• Early (1925) advertisements for the college were refreshingly direct. One said "Goshen [is] not the best college in the United States. But it is better than the rest for Mennonite young people."[51]

College seal

Goshen College seal signifies the book that all alumni have signed since graduation, and the lamp signifies the enlightenment that comes with education. As a Christian school, the book also signifies the importance of word, as well as God's call for his people to be "light to the world."[52]



  1. ^ Fisher Miller, Susan (1994). Culture for Service : A History of Goshen College, 1894-1994. Goshen, IN: Goshen College. p. 11.
  2. ^ As of June 30, 2019. "U.S. and Canadian 2019 NTSE Participating Institutions Listed by Fiscal Year 2019 Endowment Market Value, and Percentage Change in Market Value from FY18 to FY19 (Revised)". National Association of College and University Business Officers and TIAA. Retrieved 2020.
  3. ^ a b c d "College Navigator - Goshen College". National Center for Education Statistics. June 2016. Retrieved 2017.
  4. ^ a b c d "Quick Facts - About Goshen College". Goshen College. June 2016. Retrieved 2017.
  5. ^ "Graphic Standards-A quick reference" (PDF). Goshen College. 2015. Retrieved 2017.
  6. ^ "Mennonite Historical Library". American Historical Association Archives Wiki. American Historical Association. 2013-05-17.
  7. ^ Randall Herbert Balmer, Encyclopedia of Evangelicalism: Revised and expanded edition, Baylor University Press, USA, 2004, p. 294
  8. ^ Schlabach, Theron F: Peace, Faith, Nation: Mennonites and Amish in Nineteenth Century America, page 300, Herald Press, 1988
  9. ^ Randall Herbert Balmer, Encyclopedia of Evangelicalism: Revised and expanded edition, Baylor University Press, USA, 2004, p. 294
  10. ^ Richard Thomas Hughes, William B. Adrian, Models for Christian Higher Education: Strategies for Survival and Success in the Twenty-first Century, Wm. B. Eerdmans Publishing, USA, 1997, p. 202
  11. ^ Randall Herbert Balmer, Encyclopedia of Evangelicalism: Revised and expanded edition, Baylor University Press, USA, 2004, p. 294
  12. ^ Juhnke, James C: Vision, Doctrine, War: Mennonite Identity and Organization in America 1890-1930, page 128. Herald Press, 1989
  13. ^ Toews, Paul: Mennonites in American Society, 1930-1970: Modernity and the Persistence of Religious Community, page 88. Herald Press, 1996
  14. ^ Rachel Waltner Goossen, Women Against the Good War: Conscientious Objection and Gender on the American Home Front, 1941-1947 (1997) pp 98-111
  15. ^ "Mennonite college endowments lag behind". Mennonite Weekly Review. 2006. Archived from the original on 2007-09-28. Retrieved .
  16. ^ "History of Goshen College". Goshen College. Archived from the original on 2007-09-26. Retrieved .
  17. ^ "Majors and Minors". Goshen College. Retrieved 2011.
  18. ^ "Goshen College to launch first master's degree program, in environmental education". Goshen.edu. 2006-10-11. Retrieved .
  19. ^ "Unique Collaborative MBA program launched from platform of three Mennonite institutions - EMU News | Eastern Mennonite University". Emu.edu. 2014-03-12. Retrieved .
  20. ^ "Study-Service Term - Intercultural Requirement". Goshen College. Retrieved 2016.
  21. ^ "Study-Service Term - What is SST?". Goshen College. Retrieved 2016.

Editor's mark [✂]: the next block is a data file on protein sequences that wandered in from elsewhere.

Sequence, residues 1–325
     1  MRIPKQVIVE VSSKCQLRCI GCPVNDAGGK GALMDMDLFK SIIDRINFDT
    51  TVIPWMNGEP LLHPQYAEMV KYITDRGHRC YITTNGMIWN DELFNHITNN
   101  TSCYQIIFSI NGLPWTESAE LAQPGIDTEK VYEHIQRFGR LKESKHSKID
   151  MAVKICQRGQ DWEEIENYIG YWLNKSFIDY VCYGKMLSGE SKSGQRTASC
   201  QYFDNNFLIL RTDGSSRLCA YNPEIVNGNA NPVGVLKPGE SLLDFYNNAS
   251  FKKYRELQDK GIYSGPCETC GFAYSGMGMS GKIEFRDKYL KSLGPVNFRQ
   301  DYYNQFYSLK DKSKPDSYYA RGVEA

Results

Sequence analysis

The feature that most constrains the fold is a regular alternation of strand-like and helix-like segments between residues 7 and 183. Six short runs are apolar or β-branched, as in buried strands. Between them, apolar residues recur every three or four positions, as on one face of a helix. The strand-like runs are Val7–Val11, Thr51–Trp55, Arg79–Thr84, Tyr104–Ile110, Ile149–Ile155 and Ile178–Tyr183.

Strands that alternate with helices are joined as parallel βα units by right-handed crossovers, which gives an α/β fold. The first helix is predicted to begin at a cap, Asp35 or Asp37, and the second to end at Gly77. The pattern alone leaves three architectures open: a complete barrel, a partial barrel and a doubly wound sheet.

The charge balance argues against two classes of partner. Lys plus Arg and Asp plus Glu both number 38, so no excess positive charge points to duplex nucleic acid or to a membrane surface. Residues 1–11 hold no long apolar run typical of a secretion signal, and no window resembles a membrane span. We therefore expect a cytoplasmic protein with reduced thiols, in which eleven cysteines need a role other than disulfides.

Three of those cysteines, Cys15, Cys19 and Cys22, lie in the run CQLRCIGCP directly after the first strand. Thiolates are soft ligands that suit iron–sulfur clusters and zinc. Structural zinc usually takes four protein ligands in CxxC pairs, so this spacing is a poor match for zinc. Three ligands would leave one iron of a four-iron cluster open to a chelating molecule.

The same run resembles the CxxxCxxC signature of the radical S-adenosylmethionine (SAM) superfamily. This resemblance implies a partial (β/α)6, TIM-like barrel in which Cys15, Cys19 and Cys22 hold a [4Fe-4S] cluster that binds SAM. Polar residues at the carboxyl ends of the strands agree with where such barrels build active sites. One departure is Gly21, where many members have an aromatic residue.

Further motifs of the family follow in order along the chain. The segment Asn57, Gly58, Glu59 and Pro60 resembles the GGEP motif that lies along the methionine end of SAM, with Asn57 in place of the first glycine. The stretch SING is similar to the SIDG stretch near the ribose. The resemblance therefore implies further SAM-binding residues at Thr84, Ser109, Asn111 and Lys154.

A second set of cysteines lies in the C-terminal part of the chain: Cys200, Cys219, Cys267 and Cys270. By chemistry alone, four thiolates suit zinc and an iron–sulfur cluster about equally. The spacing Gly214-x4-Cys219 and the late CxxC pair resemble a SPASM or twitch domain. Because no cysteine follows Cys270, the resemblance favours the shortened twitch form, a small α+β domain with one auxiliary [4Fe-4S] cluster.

22. ^ "Study-Service Term - Destinations". Goshen College. Retrieved 2016.
  23. ^ https://record.goshen.edu/2020/09/37958-proud-to-be-senegalese
  24. ^ "Intramurals". Goshen College. Goshen College. Retrieved 2016.
  25. ^ "Name and Logo". Crossroads League. Crossroads League. Retrieved 2016.
  26. ^ "GoLeafs.net". GoLeafs.net. Goshen College Athletics. Retrieved 2016.
  27. ^ "Archived copy". Archived from the original on July 24, 2011. Retrieved 2008.CS1 maint: archived copy as title (link)
  28. ^ Residence life Archived August 7, 2009, at the Wayback Machine
  29. ^ "Goshen College Music Center". GC Music Center. 2014-06-20. Retrieved .
  30. ^ Construction Archived September 28, 2006, at the Wayback Machine
  31. ^ "Archived copy". Archived from the original on February 8, 2007. Retrieved 2007.CS1 maint: archived copy as title (link)
  32. ^ Goshen College Music Center website Archived July 31, 2007, at the Wayback Machine
  33. ^ "Small Group Housing". Goshen College. Archived from the original on September 26, 2007. Retrieved .
  34. ^ "J.N. Roth Marine Biology Station - Facilities - Goshen College". Retrieved 2018.
  35. ^ Witmer Wood's Goshen College website Archived May 28, 2010, at the Wayback Machine
  36. ^ "Archived copy". Archived from the original on July 24, 2011. Retrieved 2008.CS1 maint: archived copy as title (link)
  37. ^ Eyder Peralta (June 7, 2011). "Goshen College Bans National Anthem At Sporting Events : The Two-Way". NPR. Retrieved 2016.
  38. ^ a b c "National Anthem at Goshen College | News & Events | GC". Goshen.edu. Retrieved 2016.
  39. ^ a b Starnes, Todd (June 7, 2011). "National Anthem Banned at Mennonite College's Sporting Events, Sparking Outcry". Fox News.
  40. ^ "National Anthem Banned at Mennonite College's Sporting Events, Sparking Outcry". Fox News. June 7, 2011. Retrieved 2016.
  41. ^ "College Bans 'Too Violent' National Anthem - National Anthem - Fox Nation". Fox News. August 26, 2011.
  42. ^ Starnes, Todd. "College Bans National Anthem". Fox News Radio. Retrieved 2012.
  43. ^ Oppenheimer, Mark (September 16, 2011). "Pacifist Goshen College Reconsiders the National Anthem". The New York Times.
  44. ^ a b Smietana, Bob; Lee, Morgan; Zylstra, Sarah Eekhoff (July 20, 2015). "Two CCCU Colleges to Allow Same-Sex Married Faculty" (online). Christianity Today. Retrieved 2016.
  45. ^ Weber, Jeremy (September 21, 2015). "Peace Church Out: Mennonite Schools Leave CCCU to Avoid Same-Sex Marriage Split". Christianity Today. Retrieved 2016.
  46. ^ "The 2010 Time 100". Time. 2010-04-29.
  47. ^ "Dale Kempf - DNDi". www.dndi.org. Retrieved 2018.
  48. ^ "Rebecca Stoltzfus". Cornell College of Human Ecology. Retrieved 2018.
  49. ^ "Center for Intercultural Teaching and Learning". Archived from the original on 2012-07-08. Retrieved .
  50. ^ a b c Aguirre, Richard: "Access, Transformation & Research", Bulletin: The magazine of Goshen College, Winter/Spring 2007, pp. 11-12
  51. ^ "Archived copy". Archived from the original on September 27, 2007. Retrieved 2007.CS1 maint: archived copy as title (link)
  52. ^ "One remarkable year: 1903-1904". Goshen College. 2003. Retrieved .

External links

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Music Scenes